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  • Customer Reviews

on January 7, 2017
Truly an amazing book for those in a self discovery phase of their lives. This book is a super simple and quick read giving the illusion that it isn't filled with wisdom that will resonate with you for years to come. Nothing could be further from the truth. Beautifully written in a way that almost anyone can relate to, the book does an excellent job of opening your mind and helping you realize that wherever you are is okay. In the vein of many Buddhist texts, the idea is to be in the moment so that you can fully appreciate your life (gross oversimplification but you get the point) but instead of Dan Millman just preaching this to you, he tells a beautiful story through the eyes of a college gymnast who thinks he has it all figured out. This college gymnast happens upon a man named Socrates who very quickly informs him that he doesn't know anything. Socrates then goes on to teach him many lessons on happiness and how to be in life for real deep fulfillment and it is a story that may very well leave you in tears. The book is fantastic, just do yourself a favor and read it.
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on February 2, 2017
This is one of the must-reads of the self-awareness and empowerment movement. It is the story of a champion college athlete who stumbles across a man who teaches him the tai-chi principle of non-resistance: Don't fight what comes your way, use it. The story spends much of the time in a reality most of us don’t live in very often, if at all, so accept what you want and see the rest as teaching stories. But it's a fascinating and informing story in any event.
5 people found this helpful
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on August 14, 2016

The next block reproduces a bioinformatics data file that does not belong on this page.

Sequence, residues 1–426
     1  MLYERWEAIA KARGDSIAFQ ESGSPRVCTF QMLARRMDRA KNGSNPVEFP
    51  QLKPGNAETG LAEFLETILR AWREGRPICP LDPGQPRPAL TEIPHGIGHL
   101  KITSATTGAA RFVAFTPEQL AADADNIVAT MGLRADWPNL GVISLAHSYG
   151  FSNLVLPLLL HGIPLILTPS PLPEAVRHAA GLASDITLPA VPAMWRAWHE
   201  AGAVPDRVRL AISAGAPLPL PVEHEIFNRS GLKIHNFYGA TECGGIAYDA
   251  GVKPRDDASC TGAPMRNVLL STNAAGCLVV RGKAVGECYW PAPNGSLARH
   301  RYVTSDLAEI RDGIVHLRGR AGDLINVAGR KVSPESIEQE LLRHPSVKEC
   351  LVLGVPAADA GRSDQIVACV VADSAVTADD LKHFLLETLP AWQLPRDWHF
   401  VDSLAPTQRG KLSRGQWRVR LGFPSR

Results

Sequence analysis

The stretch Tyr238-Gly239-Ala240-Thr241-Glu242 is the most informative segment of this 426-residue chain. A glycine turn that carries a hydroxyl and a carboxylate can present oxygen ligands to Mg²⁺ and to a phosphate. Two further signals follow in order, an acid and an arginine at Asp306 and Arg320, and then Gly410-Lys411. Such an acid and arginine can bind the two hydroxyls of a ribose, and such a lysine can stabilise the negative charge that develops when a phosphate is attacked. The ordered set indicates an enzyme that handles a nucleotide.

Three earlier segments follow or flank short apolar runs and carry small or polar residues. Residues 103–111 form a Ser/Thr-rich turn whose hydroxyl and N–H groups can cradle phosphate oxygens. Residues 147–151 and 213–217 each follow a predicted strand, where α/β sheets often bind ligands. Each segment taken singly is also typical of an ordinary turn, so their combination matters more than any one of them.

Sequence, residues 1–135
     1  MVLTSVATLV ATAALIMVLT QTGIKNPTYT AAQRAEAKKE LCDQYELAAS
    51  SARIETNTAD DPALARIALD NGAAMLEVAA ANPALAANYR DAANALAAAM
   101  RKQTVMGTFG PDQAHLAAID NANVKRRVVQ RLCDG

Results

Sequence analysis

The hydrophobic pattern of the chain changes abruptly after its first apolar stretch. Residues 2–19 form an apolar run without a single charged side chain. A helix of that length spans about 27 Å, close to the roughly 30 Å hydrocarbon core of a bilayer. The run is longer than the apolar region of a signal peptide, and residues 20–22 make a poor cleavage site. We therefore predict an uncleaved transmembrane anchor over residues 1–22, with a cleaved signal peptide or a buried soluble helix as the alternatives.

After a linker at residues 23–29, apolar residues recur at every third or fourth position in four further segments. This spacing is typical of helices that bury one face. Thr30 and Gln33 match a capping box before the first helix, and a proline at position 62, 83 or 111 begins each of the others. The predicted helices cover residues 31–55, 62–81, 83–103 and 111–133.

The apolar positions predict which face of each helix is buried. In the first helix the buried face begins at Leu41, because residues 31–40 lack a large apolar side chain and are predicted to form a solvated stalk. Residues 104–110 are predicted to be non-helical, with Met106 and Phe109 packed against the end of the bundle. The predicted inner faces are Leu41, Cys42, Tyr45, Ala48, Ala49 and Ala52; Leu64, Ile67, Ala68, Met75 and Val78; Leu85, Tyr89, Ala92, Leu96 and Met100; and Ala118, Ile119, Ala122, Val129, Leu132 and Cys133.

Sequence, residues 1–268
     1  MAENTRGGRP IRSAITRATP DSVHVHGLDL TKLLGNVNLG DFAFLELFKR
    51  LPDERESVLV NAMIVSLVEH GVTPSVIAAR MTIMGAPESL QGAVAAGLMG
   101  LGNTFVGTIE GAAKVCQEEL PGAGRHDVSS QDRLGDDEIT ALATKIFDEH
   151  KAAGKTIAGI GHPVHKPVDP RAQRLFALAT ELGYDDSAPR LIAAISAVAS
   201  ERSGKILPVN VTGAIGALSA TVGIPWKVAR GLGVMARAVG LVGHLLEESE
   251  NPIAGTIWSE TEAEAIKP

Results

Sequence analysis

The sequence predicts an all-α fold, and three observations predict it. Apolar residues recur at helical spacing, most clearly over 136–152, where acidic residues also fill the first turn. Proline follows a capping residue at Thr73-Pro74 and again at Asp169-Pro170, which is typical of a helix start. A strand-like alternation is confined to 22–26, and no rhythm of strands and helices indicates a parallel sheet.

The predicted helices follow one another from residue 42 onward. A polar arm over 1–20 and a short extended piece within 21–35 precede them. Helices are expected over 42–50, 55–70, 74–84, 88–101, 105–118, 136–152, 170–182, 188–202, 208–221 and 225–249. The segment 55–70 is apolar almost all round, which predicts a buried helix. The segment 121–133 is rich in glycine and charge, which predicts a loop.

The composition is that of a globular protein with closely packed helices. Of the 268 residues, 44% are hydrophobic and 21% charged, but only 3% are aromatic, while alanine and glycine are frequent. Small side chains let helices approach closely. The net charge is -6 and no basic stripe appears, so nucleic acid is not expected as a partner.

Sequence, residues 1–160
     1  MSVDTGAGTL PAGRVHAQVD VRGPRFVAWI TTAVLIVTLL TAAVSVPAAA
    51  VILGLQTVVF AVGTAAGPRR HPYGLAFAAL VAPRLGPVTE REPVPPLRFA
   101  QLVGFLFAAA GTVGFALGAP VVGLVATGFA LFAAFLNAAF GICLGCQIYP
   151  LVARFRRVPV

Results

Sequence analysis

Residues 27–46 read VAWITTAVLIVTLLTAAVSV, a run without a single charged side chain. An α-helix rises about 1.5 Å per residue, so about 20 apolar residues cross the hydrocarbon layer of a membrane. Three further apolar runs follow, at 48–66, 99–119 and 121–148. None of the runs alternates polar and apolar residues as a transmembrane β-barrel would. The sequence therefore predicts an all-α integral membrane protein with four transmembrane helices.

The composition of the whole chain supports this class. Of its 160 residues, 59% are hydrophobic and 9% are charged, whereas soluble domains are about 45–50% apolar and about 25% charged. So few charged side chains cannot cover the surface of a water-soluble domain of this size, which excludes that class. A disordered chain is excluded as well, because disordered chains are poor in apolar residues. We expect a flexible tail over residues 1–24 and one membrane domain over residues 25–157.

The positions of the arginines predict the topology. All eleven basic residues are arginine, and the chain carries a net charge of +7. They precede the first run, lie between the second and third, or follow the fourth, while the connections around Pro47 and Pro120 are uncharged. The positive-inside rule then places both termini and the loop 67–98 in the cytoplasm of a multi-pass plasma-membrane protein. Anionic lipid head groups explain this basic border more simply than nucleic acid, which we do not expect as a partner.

Almost a whimsical introduction to the academic and theological field of 'mindfulness,' a concept as ancient as Buddhism and as modern as modern cognitive psychology.
It has lots of moments that are pop culture and pop psychology but those are overshadowed by the powerful presentation of the concepts and the moments of valuable story-telling.
A good, formidable, worthwhile read, especially if you're the kind of person who likes to play at reflection and 'light' philosophy.
5 people found this helpful
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on March 17, 2017
Entertaining and super enlightening. Millman has a way of storytelling that keeps your interest and makes you feel like you are right in the middle of the story as if it were real-life. I had heard about the movie and watched it first. I personally enjoyed it and then when I told a friend about it, he got a serious look on his face and said, "You HAVE to read the book. It changed my life." I knew he meant it. The subtitle "A Book That Changes Lives," is true. It's just a magical book. You must check it out.
4 people found this helpful
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on November 2, 2015
I absolutely love this book!
Before I finished it, I was already on Amazon purchasing the next one that way I had it just in time.
I am 100% certain that the Author Dan Millman has first hand experiences with some of the more mystical esoteric subjects!

It is an extremely inspiring novel, and I would liken Dan to the author Paulo Coelho as this book and The Alchemist while different subjects; are still written and inspiring in the same manner.
Dan is now on my list of Favorites, and forever a fan.
So, if you like The Alchemist; purchase this book
5 people found this helpful
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on August 3, 2012
I can always tell when I have found a good book because either I finish the book in 24 hours of reading time OR my hand develops a mind of its own and begins systematically highlighting the important contents of the book.